Anorak News | Smoking marijuana only affects your IQ if you care about your stupid IQ

Smoking marijuana only affects your IQ if you care about your stupid IQ

by | 17th, January 2013

DOES smoking marijuana make you stupid?

A study claiming that pot use in youth has long-term cognitive effects is being challenged. The originalstudy, published last year in the Proceedings of the National Academy of Sciences (PNAS), found that smoking marijuana as a teenager may be associated with IQ declines by middle age. The new study, published in the same journal on Monday (January 14), said that IQ declines were likely a product of socioeconomic status, Nature reported.

“Although it would be too strong to say that the results have been discredited, the methodology is flawed and the causal inference drawn from the results premature,” Ole Røgeberg, the sole author of the new study and an economist at The Ragnar Frisch Centre for Economic Research in Oslo, wrote in the paper.

What does an IQ score even mean?

 The IQ test is one of psychology’s most widely used tools. However, IQ testing has been criticized for a number of factors–including possible bias regarding race and economic level. Critics say IQ tests may not measure imagination or moral character either, according to the .American Psychological Association, or APA.

IQ tests have been criticized by researchers and educators for not taking into consideration race, gender, class and culture, the APA says. The tests appear geared toward white, upper-class males–who tend to score better on certain tests. Other criticisms include a minimization within the tests of practical everyday know-how, the importance of creativity and having a well-rounded character, according to the APA.

Why bother to take the test?

Intelligence tests are as much a measure of motivation as they are of mental ability, says research from the US. Researchers from Pennsylvania found that a high IQ score required both high intelligence and high motivation but a low IQ score could be the result of a lack of either factor.

So. The original study of 2012 went like this:

Recent reports show that fewer adolescents believe that regular cannabis use is harmful to health. Concomitantly, adolescents are initiating cannabis use at younger ages, and more adolescents are using cannabis on a daily basis. The purpose of the present study was to test the association between persistent cannabis use and neuropsychological decline and determine whether decline is concentrated among adolescent-onset cannabis users. Participants were members of the Dunedin Study, a prospective study of a birth cohort of 1,037 individuals followed from birth (1972/1973) to age 38 y. Cannabis use was ascertained in interviews at ages 18, 21, 26, 32, and 38 y. Neuropsychological testing was conducted at age 13 y, before initiation of cannabis use, and again at age 38 y, after a pattern of persistent cannabis use had developed. Persistent cannabis use was associated with neuropsychological decline broadly across domains of functioning, even after controlling for years of education. Informants also reported noticing more cognitive problems for persistent cannabis users. Impairment was concentrated among adolescent-onset cannabis users, with more persistent use associated with greater decline. Further, cessation of cannabis use did not fully restore neuropsychological functioning among adolescent-onset cannabis users. Findings are suggestive of a neurotoxic effect of cannabis on the adolescent brain and highlight the importance of prevention and policy efforts targeting adolescents.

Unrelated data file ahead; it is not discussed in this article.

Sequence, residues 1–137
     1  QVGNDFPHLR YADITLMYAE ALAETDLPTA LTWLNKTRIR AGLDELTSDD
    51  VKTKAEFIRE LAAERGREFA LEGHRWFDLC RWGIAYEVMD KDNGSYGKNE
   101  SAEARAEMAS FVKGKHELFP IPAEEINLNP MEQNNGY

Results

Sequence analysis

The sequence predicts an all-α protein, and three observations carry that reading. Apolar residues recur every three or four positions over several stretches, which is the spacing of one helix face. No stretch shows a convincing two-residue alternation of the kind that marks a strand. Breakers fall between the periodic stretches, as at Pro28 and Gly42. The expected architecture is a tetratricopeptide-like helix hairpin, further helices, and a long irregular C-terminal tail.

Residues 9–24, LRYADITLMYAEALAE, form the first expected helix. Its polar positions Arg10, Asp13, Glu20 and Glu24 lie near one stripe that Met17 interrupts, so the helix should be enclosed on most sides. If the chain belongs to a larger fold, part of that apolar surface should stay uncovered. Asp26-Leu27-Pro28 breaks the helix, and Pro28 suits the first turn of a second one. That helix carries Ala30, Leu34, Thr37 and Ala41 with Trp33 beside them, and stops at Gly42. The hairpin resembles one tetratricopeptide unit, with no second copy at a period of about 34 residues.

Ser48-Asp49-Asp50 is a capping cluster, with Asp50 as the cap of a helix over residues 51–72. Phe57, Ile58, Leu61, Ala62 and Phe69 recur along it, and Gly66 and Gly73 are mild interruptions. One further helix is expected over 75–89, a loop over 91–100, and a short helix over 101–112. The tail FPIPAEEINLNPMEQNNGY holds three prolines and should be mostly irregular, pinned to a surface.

The research was part funded by the National Institute on Drug Abuse. It did not take this into account:

Teens’ moods may not be the only things that go through swings — a new study suggests their IQs can go up and down, too.

The research, published in the journal Nature, shows that these changes in IQ are also linked with changes in brain structure.

To come to the conclusion, European researchers tested 33 teens in 2004 when they 12 to 16 years old. Then, the teens took the same tests four years later, when they were 15 to 20 years old. Brain scans were also conducted to examined their brain structure.

Researchers found that there was a difference in IQ scores between 2008 and 2004, with some people’s IQs improving by as many as 20 points, and others’ falling by the same amount. (The average score on an IQ test falls around 100, according toScience magazine.)

Not that any young teens looking to get goofed care about IQ tests. As the potheads say: “QUIZ?”



Posted: 17th, January 2013 | In: Reviews Comment | TrackBack | Permalink